Crystal structure of rofecoxib bound to human cyclooxygenase-2


Rofecoxib (Vioxx) was one of the first selective cyclooxygenase-2 (COX-2) inhibitors (coxibs) to be approved for use in humans. Within five years after its release to the public, Vioxx was withdrawn from the market owing to the adverse cardiovascular effects of the drug. Despite the widespread knowledge of the development and withdrawal of Vioxx, relatively little is known at the molecular level about how the inhibitor binds to COX-2. Vioxx is unique in that the inhibitor contains a methyl sulfone moiety in place of the sulfonamide moiety found in other coxibs such as celecoxib and valdecoxib. Here, new crystallization conditions were identified that allowed the structural determination of human COX-2 in complex with Vioxx and the structure was subsequently determined to 2.7 Å resolution. The crystal structure provides the first atomic level details of the binding of Vioxx to COX-2. As anticipated, Vioxx binds with its methyl sulfone moiety located in the side pocket of the cyclooxygenase channel, providing support for the isoform selectivity of this drug.

Crystallographic study of the 2-thioribothymidine-synthetic complex TtuA–TtuB from Thermus thermophilus


The ubiquitin-like protein TtuB is a sulfur carrier for the biosynthesis of 2-thioribothymidine (s2T) at position 54 in some thermophilic bacterial tRNAs. TtuB captures a S atom at its C-terminus as a thiocarboxylate and transfers it to tRNA by the transferase activity of TtuA. TtuB also functions to suppress s2T formation by forming a covalent bond with TtuA. To explore how TtuB interacts with TtuA and switches between these two different functions, high-resolution structure analysis of the TtuA–TtuB complex is required. In this study, the TtuA–TtuB complex from Thermus thermophilus was expressed, purified and crystallized. To mimic the thiocarboxylated TtuB, the C-terminal Gly residue was replaced with Cys (G65C) to obtain crystals of the TtuA–TtuB complex. A Zn-MAD data set was collected to a resolution of 2.5 Å. MAD analysis successfully determined eight Zn sites, and a partial structure model composed of four TtuA–TtuB complexes in the asymmetric unit was constructed.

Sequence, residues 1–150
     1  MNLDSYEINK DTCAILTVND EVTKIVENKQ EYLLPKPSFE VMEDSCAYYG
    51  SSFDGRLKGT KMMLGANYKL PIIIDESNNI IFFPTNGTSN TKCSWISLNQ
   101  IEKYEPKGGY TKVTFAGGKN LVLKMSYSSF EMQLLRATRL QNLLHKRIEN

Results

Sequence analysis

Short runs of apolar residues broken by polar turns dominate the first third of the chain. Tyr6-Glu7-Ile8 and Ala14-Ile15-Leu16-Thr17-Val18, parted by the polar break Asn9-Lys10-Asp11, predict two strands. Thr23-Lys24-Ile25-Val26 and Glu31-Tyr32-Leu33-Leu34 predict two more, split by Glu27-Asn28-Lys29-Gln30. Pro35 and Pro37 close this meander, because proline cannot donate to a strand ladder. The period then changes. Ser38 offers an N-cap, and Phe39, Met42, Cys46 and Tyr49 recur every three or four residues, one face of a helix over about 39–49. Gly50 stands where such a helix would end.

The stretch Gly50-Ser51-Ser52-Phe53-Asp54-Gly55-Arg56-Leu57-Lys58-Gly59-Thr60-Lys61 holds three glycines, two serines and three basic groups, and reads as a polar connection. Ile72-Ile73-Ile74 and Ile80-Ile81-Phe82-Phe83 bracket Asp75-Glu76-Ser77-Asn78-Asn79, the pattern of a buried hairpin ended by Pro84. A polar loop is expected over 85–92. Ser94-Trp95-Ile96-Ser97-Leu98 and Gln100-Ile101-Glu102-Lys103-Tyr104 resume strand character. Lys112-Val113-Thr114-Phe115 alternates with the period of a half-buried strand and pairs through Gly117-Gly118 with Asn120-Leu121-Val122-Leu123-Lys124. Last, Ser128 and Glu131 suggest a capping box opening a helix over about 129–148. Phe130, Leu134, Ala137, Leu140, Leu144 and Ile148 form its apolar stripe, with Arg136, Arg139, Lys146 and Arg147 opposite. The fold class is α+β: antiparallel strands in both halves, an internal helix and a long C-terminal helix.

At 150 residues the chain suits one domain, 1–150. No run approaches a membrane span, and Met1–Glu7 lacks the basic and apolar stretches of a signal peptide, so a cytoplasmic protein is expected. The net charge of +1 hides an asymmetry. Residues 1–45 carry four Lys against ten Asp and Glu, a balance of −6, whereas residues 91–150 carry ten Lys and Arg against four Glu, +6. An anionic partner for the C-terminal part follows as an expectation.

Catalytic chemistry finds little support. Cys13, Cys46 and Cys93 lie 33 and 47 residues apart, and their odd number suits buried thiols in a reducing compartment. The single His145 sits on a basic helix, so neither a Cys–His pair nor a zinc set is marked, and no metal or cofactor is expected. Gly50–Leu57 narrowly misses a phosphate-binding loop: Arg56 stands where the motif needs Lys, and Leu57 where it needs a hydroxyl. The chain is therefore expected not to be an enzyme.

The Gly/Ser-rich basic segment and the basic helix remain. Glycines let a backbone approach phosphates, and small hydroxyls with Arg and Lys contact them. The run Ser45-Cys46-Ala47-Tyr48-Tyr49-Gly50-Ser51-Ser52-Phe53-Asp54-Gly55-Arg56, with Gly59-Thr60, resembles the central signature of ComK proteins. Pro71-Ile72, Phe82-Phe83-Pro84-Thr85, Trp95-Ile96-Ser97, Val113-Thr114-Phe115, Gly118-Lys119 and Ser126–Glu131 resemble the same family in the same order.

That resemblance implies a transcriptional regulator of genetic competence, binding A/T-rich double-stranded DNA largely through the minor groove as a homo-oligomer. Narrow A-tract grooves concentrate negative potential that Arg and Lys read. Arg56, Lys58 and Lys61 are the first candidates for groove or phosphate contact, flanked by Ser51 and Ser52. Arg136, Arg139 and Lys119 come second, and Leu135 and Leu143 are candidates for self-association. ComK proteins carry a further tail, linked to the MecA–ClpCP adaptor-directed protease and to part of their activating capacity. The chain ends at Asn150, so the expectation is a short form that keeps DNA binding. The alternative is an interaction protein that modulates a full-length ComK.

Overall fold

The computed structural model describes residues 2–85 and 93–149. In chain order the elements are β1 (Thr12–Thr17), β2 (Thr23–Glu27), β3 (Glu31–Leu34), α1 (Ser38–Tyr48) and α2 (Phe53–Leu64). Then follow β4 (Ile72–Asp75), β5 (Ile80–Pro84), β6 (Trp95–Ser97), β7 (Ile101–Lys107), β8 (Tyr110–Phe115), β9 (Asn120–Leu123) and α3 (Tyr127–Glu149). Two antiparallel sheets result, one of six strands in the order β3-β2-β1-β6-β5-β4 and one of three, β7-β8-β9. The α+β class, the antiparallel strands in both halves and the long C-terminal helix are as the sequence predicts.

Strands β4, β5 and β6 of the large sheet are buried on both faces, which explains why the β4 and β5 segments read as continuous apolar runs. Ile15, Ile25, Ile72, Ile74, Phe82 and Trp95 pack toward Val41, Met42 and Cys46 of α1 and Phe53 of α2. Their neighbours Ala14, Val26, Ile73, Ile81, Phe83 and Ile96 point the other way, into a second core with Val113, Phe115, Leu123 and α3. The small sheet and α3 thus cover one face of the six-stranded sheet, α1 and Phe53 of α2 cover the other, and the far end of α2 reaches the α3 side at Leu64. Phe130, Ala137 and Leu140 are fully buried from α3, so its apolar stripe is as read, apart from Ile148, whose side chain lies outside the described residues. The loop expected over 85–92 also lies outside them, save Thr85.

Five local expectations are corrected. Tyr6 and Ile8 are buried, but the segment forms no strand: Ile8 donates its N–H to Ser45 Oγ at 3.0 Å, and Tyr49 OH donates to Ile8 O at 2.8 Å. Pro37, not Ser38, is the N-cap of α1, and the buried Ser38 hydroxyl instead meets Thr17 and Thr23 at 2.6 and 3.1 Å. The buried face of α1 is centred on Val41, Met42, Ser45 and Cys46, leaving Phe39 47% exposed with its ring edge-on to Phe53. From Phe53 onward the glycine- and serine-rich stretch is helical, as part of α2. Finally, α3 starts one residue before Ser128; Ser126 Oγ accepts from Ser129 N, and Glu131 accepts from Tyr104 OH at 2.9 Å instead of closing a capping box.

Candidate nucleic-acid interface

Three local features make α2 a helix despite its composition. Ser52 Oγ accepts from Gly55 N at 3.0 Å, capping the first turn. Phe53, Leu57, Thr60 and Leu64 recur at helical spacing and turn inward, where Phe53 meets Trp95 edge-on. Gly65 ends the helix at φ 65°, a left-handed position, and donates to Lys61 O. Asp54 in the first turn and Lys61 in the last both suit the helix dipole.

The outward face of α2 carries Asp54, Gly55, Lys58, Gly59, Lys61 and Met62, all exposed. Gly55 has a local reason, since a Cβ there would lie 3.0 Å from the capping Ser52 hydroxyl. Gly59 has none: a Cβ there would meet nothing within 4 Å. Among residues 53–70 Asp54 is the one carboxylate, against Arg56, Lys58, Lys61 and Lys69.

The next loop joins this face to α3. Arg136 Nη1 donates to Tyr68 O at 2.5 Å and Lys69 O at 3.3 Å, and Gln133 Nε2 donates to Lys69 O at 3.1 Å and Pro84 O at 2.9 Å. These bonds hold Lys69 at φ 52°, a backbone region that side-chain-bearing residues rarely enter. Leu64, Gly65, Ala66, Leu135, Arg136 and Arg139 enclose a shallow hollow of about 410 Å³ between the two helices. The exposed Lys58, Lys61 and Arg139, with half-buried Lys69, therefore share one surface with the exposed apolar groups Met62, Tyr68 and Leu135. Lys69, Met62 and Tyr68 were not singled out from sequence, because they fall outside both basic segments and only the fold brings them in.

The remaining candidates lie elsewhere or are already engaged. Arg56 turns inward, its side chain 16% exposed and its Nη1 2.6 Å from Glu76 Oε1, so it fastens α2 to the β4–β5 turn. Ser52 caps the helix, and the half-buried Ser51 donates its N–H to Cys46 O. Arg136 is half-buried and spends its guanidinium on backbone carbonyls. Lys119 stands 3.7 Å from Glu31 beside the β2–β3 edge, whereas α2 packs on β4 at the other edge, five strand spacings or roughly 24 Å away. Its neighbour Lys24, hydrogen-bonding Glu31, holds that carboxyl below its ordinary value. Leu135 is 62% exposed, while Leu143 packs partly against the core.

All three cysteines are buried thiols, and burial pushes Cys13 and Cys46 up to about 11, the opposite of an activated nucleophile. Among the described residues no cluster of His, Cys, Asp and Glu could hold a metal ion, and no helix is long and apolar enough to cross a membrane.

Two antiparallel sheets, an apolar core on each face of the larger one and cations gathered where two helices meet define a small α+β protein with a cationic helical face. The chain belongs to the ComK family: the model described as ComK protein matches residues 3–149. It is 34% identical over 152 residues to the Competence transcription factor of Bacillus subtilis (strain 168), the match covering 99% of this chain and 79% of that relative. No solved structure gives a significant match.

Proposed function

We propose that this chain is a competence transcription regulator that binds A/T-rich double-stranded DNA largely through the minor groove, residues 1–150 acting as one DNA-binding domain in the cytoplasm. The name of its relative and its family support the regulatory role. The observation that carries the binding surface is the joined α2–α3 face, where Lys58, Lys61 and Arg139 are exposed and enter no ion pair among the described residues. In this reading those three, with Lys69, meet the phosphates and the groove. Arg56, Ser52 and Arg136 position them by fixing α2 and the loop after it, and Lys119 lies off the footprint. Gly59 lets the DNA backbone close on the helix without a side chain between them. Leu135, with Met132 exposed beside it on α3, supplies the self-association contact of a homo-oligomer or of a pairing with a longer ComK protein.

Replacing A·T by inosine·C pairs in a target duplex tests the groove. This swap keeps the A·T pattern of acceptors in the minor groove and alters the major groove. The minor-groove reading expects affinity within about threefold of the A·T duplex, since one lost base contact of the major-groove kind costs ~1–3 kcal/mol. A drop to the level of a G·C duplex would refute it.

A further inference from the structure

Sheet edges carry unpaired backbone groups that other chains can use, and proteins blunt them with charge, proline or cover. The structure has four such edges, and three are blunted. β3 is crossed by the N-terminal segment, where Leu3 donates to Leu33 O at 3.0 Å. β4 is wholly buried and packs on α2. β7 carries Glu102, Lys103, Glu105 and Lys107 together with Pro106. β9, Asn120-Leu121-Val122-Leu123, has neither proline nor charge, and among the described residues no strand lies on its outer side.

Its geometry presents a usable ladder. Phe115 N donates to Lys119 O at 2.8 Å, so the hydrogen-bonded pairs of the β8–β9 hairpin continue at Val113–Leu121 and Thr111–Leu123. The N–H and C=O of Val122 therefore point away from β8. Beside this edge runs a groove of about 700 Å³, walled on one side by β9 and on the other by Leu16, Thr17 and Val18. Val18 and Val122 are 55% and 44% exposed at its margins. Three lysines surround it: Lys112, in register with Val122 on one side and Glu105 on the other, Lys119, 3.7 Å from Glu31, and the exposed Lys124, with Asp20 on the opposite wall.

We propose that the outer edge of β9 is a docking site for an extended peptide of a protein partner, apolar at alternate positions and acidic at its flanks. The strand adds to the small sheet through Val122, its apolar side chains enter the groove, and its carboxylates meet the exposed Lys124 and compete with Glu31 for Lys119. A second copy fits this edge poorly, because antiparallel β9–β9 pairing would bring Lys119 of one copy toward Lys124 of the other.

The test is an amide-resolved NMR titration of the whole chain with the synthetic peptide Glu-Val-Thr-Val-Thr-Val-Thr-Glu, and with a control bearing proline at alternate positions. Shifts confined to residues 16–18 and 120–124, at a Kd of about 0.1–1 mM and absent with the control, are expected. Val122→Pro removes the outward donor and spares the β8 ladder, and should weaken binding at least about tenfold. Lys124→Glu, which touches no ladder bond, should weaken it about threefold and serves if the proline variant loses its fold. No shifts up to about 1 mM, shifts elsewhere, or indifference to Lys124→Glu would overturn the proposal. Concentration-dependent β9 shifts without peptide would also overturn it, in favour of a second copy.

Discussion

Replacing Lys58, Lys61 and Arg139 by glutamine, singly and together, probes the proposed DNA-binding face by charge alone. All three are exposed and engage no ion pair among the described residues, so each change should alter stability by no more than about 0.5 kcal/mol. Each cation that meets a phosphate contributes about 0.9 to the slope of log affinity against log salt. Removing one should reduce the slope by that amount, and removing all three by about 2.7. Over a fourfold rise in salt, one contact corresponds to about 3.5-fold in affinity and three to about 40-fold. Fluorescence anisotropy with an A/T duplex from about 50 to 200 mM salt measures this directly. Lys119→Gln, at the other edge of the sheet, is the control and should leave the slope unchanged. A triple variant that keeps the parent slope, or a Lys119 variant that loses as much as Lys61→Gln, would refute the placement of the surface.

X-ray crystallographic studies of the extracellular domain of the first plant ATP receptor, DORN1, and the orthologous protein from Camelina sativa


Does not respond to nucleotides 1 (DORN1) has recently been identified as the first membrane-integral plant ATP receptor, which is required for ATP-induced calcium response, mitogen-activated protein kinase activation and defense responses in Arabidopsis thaliana. In order to understand DORN1-mediated ATP sensing and signal transduction, crystallization and preliminary X-ray studies were conducted on the extracellular domain of DORN1 (atDORN1-ECD) and that of an orthologous protein, Camelina sativa lectin receptor kinase I.9 (csLecRK-I.9-ECD or csI.9-ECD). A variety of deglycosylation strategies were employed to optimize the glycosylated recombinant atDORN1-ECD for crystallization. In addition, the glycosylated csI.9-ECD protein was crystallized at 291 K. X-ray diffraction data were collected at 4.6 Å resolution from a single crystal. The crystal belonged to space group C222 or C2221, with unit-cell parameters a = 94.7, b = 191.5, c = 302.8 Å. These preliminary studies have laid the foundation for structural determination of the DORN1 and I.9 receptor proteins, which will lead to a better understanding of the perception and function of extracellular ATP in plants.